Monday, September 7, 2015

Less is More.

Anyone who knows me well knows that I like clothes... quite a lot.  In fact, I would almost be willing to say an unhealthy amount.  When I have money to spend, my first reaction is to go buy new clothes.  I'm sure some of your are judging me for this, or maybe psycho analyzing me, or thinking very stereotypical thoughts about women right now.  In whichever case, I write this only to say that one of the reasons I began looking into clothing companies and their supply chains is because I give a lot of my money to clothing companies.  The problem, though, with analyzing mainstream, fast fashion clothing brands and their production lines is, while many of them have policies which sound fantastic, in practice, they are often doing much less than they say they are.  It's really difficult to be 100% sure that no one is being harmed in the making of your clothes unless you're buying fair trade.

I've been struggling with this idea for a few months now, and between it,  the conviction that maybe I'm storing up treasure on earth and valuing temporary things rather than storing up treasure in Heaven, and inspiration from another young woman I follow on Instagram who is living out justice by purchasing fair trade and thrifted items, has led me to believe it's time to make a change in my wardrobe, in my spending habits, and in my life.

When I considered the appeal of clothes shopping the other day, I realized that it is actually a very selfish act.  I can say that I'm helping people make an honest living by supporting companies that are treating their employees well (and I do believe I am), but really I go shopping to find things I want and I like so I can look a certain way.  Then three months later I clean out my closet and think, maybe having 16 dresses, 35 t-shirts, 7 jackets and 12 sweaters is a little excessive.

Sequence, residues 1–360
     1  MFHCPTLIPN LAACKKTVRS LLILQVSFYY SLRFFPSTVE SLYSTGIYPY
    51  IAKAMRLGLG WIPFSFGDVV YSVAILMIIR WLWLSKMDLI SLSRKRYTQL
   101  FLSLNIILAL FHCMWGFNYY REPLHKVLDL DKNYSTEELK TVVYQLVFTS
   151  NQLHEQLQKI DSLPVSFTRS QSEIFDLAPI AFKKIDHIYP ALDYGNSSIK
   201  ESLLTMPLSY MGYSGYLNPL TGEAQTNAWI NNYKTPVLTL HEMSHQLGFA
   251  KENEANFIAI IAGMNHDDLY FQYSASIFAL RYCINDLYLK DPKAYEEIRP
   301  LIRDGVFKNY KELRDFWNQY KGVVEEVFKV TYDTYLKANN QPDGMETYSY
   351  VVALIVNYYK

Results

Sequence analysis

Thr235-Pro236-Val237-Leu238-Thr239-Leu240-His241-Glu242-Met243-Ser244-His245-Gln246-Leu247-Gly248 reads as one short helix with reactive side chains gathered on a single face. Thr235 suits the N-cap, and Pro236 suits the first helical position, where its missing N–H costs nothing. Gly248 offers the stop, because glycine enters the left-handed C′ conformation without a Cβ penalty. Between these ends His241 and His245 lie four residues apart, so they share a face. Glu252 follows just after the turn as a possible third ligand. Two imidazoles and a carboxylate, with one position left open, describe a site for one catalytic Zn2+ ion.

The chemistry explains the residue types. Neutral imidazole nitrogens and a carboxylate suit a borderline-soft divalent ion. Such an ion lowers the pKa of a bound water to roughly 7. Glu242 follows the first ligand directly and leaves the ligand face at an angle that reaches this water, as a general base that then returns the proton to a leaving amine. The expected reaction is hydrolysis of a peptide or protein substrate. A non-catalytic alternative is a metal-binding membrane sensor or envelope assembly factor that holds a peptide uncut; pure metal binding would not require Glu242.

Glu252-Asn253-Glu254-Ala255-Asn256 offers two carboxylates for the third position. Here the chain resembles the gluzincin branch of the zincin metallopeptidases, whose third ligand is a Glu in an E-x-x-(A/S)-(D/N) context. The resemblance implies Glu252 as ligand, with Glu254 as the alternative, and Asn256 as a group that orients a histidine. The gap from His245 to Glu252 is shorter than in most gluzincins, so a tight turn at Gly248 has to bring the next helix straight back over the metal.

This week, I am learning that less is more.  Having more clothing doesn't make me any happier or make me buy less.  So I emptied my closet, made a pile of timeless, neutral pieces that I can wear throughout the year and in many different circumstances, and a pile of everything else.  I am choosing to base my closet, and hopefully soon after every other area of my life, off of needs rather than wants.  I need to wear clothes,  I don't need a different outfit for every day of the month.  I need some clothes for warm days and some for cold days, I don't need 7 jackets, 12 sweaters and 6 pairs of shorts. From now on when I shop, I will ask myself, do I need this more than what I already have?  

Our culture promotes the mantra that more is more.  The more we have, the better we are.  And I've bought into it.  It's difficult not to, when the media, society and sometimes even your friends are telling you that you need more stuff.  But I can't help but wonder if we're just trying to placate a need that can't be met with material things, and as we accumulate more, we drown out and push aside the One that will actually meet that need.  Not to mention mass accumulation is terrible for the environment and just serves to make exploitation of the vulnerable easier and more necessary.   

In my own experience, having more tends to lead to apathy.  It's almost like we sacrifice the part of our soul that cries out for something greater than this world when we settle for having the things of this world.  So I'm getting rid of the excess.  I'm sacrificing the things of the world, because I want that part of my soul back.

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